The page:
Protect Financial Health During the COVID-19 Crisis

Just two months ago, I was enjoying a vacation in the United Kingdom and Ireland. The BBC News top of the hour report consistently led with news about a virus in China. Truthfully, I got an ominous feeling as they talked about it.

Little did I know the very exhibit floor where I signed books during February’s Chicago Dental Society Midwinter Meeting — at McCormick Place convention center in Chicago —would, in April, be a temporary hospital for those battling this same virus. So much can happen in two short months.

The news media reports are mind numbing. All the information, webinars and podcasts that are now streaming 24 hours a day can be overwhelming. Suddenly, everyone is working from home, using bandwidth to get a message out.

Now is the time to be practical, sensible and level-headed while you are observing social distancing and treating only emergency and urgent cases. Here are a few simple vital safeguards you can implement now to help protect your financial health:

1. Call your creditors. Although many businesses have reached out to their clients, many have not. You may not get what you need if you do not ask. Yours will not be the only phone call they will get to ask for mercy. For example, I was surprised today by an email from Allstate, stating that the company was going to provide a “payback” for not driving our cars. It will equal about 15 percent of our monthly April and May bills. Proactive. I am impressed.

2. Mind your expenses. If you have automatic drafts for your dental school loans, make sure you have ensured they do not continue if it is a federally funded loan. These payments should be delayed according to the CARES Act. Do not overbuy what you truly do not need. It is the reason there is a toilet paper shortage.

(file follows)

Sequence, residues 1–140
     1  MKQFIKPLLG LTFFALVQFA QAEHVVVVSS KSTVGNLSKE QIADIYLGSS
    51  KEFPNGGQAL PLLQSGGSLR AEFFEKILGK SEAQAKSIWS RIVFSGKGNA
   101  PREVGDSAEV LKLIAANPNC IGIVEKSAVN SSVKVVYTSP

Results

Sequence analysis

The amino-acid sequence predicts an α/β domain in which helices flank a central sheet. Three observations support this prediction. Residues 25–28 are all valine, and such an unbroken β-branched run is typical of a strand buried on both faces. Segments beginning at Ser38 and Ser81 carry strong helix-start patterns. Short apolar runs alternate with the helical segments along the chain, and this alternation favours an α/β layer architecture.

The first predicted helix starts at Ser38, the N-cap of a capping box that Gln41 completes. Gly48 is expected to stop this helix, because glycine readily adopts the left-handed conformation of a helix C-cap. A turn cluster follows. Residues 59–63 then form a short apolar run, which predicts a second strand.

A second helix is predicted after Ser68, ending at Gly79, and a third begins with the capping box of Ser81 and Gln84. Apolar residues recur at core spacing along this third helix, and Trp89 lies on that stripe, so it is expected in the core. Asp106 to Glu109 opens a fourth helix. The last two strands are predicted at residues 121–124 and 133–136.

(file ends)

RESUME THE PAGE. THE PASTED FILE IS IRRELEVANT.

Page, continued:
3. Loans are still based on your credit rating and debt ratio. Keep your loans paid, even if you are only paying the minimums. Yes, it is emotionally difficult to pay bills when there is no revenue. Yes, we will all be tapping our savings. Pay some portion anyway.

4. Use this time to analyze and organize. Forget trying to make plans about when you are going to return. Instead, ask yourself, what needs to change in your practice? What systems do you lack? Have you created a checklist of things that must happen before you start back to work? Do an inventory of your office — what supplies are essential to your return? You may not be able to order them now, but talk to your suppliers about timing and understand you are one of 200,000 dentists in the U.S.

5. Be kind. This has been a difficult time for everyone. Be compassionate toward everyone because we are all in this together. Our financial landscape will look much different in the immediate future, and we are mostly stressed as a result. Oh, and then there is this virus that is threatening us and the ones we love. Take a deep breath and then let your words be a soothing balm to those that look up to you.

These are just a few recommendations. They are not specific to any one practice, but relevant to us all. My heart goes out to the industry that I have spent the last 24 years with. Be safe and be smart. And, if I can help, call me. I’m not going anywhere!

A photograph of Susan Gunn.
Susan Gunn

About the author

Ms. Gunn has been a speaker, author and business consultant for the dental industry for nearly a quarter of a century. She is a Certified Fraud Examiner and has written 44 books geared for professional practices. She is currently sheltering in place at her home in Arlington, Texas. You can contact her at 888-994-3167 or